Electricity: Electrical current is 220 volts, 50Hz. Round two-pin plugs are standard.
Money: The official currency is the Rouble (RUB), which is divided into 100 kopeks. Most major international credit cards are accepted in larger establishments. Currency can be changed at banks, bureaux de change, and hotels. ATMs are widely available in major cities. It is hard to get roubles outside Russia and travellers are advised to take good condition US Dollars or Euro notes to change once there.
Language: Russian is the official language. Some people speak English, French or German.
Entry requirements for Americans: United States citizens must have a passport valid on arrival. A visa is required.
Entry requirements for UK nationals: British citizens must have a passport valid on arrival. A visa is required.
Entry requirements for Canadians: Canadian citizens must have a passport valid on arrival. A visa is required.
Entry requirements for Australians: Australian citizens must have a passport valid on arrival. A visa is required. Those passengers with an APEC Business Travel Card valid for travel to 'RUS' if traveling on business do not require a visa.
Entry requirements for South Africans: South Africans must have a passport valid on arrival. No visa is required for a maximum of 90 days.
Entry requirements for New Zealanders: New Zealand nationals require a passport valid on arrival. A visa is required. Those passengers with APEC Business Travel Card for travel to 'RUS' if traveling on business do not require a visa.
Entry requirements for Irish nationals: Irish nationals require a passport valid on arrival. A visa is required.
Passport/Visa Note: Valid visas in expired passports or other expired travel documents are not accepted. Visitors must carry ID at all times whilst in Russia. An Immigrant Card will be issued on board the aircraft or on arrival. All visitors staying for longer than seven working days must register with the Federal Migration Service upon arrival; if staying in a hotel, the hotel will arrange this, otherwise you can find the forms to fill out at a post office and post the forms to the Federal Migration Service. Anyone travelling on a tourist visa must hold vouchers from the hotel or travel agency. Passengers are required to hold return/onward tickets and documents required for the next destination. Exit permits are required on departure. These are usually issued with the visa, or can be obtained at hotels not less than two days before departure. Passports must be valid for period of intended stay. It is highly recommended that passports have at least six months validity remaining after your intended date of departure from your travel destination. Immigration officials often apply different rules to those stated by travel agents and official sources.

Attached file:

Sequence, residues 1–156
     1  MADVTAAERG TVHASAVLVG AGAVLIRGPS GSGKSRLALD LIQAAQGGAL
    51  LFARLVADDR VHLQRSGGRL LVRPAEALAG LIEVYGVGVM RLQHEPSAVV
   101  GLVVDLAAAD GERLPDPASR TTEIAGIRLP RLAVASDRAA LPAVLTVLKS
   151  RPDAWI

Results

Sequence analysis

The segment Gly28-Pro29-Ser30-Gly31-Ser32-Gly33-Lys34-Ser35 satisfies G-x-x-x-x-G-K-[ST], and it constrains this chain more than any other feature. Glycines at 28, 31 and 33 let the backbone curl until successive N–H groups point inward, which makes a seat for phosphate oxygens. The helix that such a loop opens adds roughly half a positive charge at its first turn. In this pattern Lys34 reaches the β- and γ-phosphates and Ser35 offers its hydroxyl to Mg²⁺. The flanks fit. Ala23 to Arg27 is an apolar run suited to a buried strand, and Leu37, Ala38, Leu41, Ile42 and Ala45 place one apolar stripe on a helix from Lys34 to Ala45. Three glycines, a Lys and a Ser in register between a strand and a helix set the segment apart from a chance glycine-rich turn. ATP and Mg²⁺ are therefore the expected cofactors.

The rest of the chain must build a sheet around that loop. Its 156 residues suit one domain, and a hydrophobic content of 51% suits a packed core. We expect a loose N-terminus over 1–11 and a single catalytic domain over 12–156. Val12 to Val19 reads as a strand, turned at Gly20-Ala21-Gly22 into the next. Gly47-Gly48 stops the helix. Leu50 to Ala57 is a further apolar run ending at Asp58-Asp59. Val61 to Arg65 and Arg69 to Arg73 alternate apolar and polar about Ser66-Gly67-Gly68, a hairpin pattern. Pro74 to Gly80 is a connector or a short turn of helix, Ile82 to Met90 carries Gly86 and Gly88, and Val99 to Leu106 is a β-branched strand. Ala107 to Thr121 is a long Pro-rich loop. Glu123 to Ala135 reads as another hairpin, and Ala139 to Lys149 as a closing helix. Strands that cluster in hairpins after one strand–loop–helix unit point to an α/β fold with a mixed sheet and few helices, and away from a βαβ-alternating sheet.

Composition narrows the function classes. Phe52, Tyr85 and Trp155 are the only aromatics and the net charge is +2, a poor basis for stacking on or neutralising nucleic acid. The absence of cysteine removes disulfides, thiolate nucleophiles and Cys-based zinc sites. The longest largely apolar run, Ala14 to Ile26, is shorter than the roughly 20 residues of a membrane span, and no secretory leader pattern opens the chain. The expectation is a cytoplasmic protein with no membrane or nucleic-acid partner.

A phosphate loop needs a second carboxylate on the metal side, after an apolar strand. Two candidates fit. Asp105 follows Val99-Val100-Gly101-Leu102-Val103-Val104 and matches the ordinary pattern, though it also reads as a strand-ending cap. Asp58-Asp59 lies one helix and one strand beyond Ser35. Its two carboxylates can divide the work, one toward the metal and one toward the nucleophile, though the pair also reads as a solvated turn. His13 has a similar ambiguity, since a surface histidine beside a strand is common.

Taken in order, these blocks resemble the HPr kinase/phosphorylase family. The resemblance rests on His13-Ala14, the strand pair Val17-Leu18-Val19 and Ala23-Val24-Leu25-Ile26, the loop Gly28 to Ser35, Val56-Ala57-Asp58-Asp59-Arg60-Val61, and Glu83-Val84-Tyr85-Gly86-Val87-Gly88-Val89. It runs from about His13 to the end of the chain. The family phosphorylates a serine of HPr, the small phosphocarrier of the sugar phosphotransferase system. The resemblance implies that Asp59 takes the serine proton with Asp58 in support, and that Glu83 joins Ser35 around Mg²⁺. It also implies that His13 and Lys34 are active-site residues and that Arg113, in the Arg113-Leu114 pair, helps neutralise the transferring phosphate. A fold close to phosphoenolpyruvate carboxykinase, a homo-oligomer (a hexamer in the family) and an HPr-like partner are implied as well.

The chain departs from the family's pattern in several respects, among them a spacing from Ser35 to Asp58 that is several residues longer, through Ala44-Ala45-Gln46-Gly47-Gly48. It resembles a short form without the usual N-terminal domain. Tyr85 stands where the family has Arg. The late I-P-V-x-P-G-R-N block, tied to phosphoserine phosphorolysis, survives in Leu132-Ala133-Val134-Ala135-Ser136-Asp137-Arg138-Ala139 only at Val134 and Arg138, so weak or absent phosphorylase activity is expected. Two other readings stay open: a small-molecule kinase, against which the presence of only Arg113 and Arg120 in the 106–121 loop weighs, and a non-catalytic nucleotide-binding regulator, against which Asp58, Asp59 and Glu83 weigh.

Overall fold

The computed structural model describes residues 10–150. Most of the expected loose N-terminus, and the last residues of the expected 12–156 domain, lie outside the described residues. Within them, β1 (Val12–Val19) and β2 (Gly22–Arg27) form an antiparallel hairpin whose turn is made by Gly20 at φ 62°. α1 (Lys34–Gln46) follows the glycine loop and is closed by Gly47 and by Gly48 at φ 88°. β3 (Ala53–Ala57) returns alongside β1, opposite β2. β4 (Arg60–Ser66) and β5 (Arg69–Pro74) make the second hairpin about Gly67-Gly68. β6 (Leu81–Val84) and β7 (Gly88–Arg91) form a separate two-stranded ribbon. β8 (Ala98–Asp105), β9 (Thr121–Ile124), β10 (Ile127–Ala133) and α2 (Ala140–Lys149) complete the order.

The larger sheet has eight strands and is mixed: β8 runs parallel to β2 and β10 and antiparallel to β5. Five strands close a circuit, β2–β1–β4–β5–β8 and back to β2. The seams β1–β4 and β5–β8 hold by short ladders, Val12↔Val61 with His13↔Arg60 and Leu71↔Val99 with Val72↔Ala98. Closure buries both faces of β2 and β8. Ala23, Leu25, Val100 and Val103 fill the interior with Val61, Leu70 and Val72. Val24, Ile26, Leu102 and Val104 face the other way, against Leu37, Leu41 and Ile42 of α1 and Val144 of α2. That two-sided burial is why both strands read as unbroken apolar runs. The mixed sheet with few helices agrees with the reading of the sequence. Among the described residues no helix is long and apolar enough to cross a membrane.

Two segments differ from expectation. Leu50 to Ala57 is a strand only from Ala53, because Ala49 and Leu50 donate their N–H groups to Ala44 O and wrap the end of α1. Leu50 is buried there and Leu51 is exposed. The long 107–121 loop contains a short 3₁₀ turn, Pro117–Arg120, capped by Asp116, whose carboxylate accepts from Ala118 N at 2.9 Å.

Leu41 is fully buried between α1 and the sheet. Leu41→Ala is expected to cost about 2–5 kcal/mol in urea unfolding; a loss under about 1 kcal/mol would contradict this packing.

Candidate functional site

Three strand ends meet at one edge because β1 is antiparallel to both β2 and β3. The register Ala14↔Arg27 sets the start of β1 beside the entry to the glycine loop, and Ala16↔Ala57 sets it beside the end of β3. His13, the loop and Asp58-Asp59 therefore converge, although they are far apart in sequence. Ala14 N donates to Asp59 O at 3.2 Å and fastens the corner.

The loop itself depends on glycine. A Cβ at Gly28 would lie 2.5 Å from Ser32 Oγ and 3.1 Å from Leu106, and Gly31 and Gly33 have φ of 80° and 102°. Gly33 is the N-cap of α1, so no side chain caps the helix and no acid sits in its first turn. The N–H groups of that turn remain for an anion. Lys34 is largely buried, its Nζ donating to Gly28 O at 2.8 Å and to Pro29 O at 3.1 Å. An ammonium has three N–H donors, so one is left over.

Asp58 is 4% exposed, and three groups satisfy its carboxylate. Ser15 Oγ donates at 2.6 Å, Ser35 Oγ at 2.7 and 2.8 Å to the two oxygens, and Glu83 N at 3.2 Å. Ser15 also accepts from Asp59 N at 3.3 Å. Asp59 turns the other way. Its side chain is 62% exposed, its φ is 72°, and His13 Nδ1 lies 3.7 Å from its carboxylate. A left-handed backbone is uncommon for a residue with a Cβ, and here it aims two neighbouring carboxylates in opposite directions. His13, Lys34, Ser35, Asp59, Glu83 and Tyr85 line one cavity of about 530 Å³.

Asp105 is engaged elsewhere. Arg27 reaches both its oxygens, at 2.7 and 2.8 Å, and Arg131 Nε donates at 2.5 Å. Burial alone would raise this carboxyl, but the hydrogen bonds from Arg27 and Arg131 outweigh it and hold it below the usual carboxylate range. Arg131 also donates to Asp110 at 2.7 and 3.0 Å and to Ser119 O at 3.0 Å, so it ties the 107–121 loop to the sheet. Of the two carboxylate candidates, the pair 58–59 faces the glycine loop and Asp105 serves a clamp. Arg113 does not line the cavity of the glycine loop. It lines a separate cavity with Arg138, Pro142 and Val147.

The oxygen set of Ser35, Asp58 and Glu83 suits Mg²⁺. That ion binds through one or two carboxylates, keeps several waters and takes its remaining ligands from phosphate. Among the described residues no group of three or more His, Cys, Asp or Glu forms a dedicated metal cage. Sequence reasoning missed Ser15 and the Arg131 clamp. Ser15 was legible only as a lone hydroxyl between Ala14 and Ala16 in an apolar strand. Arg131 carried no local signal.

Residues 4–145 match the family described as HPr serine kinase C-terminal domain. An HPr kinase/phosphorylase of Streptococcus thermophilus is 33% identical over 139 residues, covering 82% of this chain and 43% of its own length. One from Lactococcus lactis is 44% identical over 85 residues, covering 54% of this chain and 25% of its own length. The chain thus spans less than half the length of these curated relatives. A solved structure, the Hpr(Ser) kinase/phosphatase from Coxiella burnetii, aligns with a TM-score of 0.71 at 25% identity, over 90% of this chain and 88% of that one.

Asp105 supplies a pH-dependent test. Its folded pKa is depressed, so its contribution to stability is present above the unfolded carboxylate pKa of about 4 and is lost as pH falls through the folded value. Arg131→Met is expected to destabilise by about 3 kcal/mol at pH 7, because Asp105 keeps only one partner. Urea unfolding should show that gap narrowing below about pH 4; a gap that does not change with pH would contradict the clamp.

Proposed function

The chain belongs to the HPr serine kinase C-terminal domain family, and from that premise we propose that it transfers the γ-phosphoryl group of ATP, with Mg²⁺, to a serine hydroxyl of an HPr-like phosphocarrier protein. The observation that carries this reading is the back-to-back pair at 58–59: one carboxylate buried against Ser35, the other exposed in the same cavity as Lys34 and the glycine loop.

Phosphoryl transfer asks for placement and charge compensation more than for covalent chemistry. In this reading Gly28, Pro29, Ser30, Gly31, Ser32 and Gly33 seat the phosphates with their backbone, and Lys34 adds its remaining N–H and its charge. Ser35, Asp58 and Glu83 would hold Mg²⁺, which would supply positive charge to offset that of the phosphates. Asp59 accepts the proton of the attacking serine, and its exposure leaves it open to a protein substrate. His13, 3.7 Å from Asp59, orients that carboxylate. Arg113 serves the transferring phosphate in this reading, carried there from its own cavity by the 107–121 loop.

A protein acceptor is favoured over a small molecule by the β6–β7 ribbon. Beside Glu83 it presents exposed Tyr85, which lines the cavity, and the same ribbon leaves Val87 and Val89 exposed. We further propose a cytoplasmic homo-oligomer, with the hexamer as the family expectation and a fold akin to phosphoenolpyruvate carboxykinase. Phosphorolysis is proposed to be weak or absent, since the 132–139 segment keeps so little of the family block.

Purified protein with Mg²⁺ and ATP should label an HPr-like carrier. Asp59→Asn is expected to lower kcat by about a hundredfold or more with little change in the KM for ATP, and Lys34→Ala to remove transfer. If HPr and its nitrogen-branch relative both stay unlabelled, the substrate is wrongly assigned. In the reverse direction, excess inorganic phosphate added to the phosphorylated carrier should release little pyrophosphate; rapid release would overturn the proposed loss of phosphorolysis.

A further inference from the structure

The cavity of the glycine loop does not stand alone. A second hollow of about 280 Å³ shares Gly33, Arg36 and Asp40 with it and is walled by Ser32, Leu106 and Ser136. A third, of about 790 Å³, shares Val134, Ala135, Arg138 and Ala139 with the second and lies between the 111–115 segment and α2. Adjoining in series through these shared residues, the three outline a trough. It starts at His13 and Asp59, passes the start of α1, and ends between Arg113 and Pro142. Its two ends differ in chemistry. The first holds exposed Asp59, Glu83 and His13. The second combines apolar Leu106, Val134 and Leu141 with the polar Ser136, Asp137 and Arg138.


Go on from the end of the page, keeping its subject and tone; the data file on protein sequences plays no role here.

Travel Health: Travellers to Russia are advised to get vaccinations for hepatitis A and hepatitis B, to be up to date on vaccinations for tetanus-diphtheria and MMR (measles, mumps, rubella), and to consider vaccinations for typhoid, rabies and Japanese encephalitis if they are long-term travellers and/or spending time in rural areas. Drinking water should be treated; bottled water is readily available. Local state medical facilities are of a low standard, however, and visitors are strongly advised to have full insurance for medical treatment and accidents should they require private care. Blood transfusions should not be performed in Russia, due to uncertainties concerning the blood supply. Essential medications and supplies may be limited.